Indian-American gets 12 years jail term in healthcare fraud

Indian-American gets 12 years jail term in healthcare fraud

Rakesh Jyoti Saran (47) of Arlington in Texas was sentenced on December 11 to 144 months in federal prison, said US Attorney James T Jacks of the Northern District of Texas. He was also asked to pay USD 68 million in restitution.

Saran, the last defendant to be sentenced in this case, pleaded guilty to one count of conspiracy to commit healthcare fraud and other federal offences, two counts of mail fraud and one count of conspiracy to distribute controlled substances.

He has been in federal custody since May 2009.

Saran was arrested in 2005 on charges outlined in a 201-count federal indictment which alleged that he and five co-defendants conspired from 1999 to 2005 to commit healthcare fraud, wire fraud and money laundering and to illegally distribute controlled substances in a drug diversion scheme.

According to plea papers filed in court, Saran operated 23 Texas-incorporated pharmacies through two firms he owned -- Carrington Healthcare Systems and Infinity Services Group.

Saran's pharmacies purchased expensive pharmaceuticals -- including addictive painkillers and psychiatric medications -- by fraudulently representing to the wholesalers that the drugs were for distribution to prisons, hospital and other facilities, according to the plea papers.

The pharmacies then distributed the drugs without valid doctors' prescriptions to Internet customers, drug users and others who paid up to four times the cost if the drugs had been obtained legally, authorities said.

Saran's co-defendants previously pleaded guilty, receiving prison terms ranging from 33 months to eight years.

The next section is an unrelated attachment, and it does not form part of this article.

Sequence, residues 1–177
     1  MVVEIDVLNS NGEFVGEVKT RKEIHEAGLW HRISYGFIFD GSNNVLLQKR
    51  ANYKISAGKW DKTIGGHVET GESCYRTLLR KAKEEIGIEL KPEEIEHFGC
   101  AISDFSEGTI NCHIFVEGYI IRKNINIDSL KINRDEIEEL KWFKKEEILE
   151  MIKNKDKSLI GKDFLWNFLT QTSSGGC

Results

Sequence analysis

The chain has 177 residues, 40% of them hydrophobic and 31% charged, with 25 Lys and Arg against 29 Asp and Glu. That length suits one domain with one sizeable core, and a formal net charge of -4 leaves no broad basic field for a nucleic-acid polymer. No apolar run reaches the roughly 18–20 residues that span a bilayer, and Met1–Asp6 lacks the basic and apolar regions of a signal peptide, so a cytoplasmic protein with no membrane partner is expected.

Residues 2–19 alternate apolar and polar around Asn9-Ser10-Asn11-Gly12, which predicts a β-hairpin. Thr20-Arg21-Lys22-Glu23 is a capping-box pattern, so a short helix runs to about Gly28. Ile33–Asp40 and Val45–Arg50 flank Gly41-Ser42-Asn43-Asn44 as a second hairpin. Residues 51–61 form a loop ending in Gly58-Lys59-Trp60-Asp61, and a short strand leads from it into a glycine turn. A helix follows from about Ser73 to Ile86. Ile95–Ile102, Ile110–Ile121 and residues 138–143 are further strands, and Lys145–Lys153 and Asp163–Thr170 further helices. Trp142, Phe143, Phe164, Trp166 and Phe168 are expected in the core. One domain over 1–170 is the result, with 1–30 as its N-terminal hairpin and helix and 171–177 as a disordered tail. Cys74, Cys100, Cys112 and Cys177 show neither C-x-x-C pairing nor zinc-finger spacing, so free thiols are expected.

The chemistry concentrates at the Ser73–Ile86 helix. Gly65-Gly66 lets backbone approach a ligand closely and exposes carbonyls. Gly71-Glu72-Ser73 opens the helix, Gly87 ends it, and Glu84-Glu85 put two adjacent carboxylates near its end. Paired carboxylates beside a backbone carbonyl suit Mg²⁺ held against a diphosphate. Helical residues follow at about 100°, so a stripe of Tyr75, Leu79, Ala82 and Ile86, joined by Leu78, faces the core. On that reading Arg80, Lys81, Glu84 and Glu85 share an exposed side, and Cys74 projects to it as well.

As part of his plea agreement, Saran forfeited assets earned from his illegal activities, including more than USD 1,000,000 in cash seized at his residence, over USD 375,000 found in bank accounts, USD 390,000 in cashiers' checks and money orders, several vehicles and a home under construction in Arlington which was sold by the US Marshals Service for USD 1,200,000 through an Internet auction in May 2008.

Saran also used his pharmacies to operate a "store front" website designed to facilitate the distribution of controlled substances to internet customers.
Using the website, drug users illegally acquired controlled substances and dangerous drugs without valid prescriptions and without doctors' intervention, paying up to four times the actual cost.

Saran also used his pharmacies to fill pharmaceutical orders from other Internet Facilitation Centers (IFC) involved in the illegal distribution of dangerous drugs and controlled substances. Additionally, Saran also played an integral role in providing promethazine cough syrup with codeine, hydrocodone, and alprazolam to individuals who illegally sold these drugs "on the street," acquiring approximately USD 20 million in proceeds for doing so.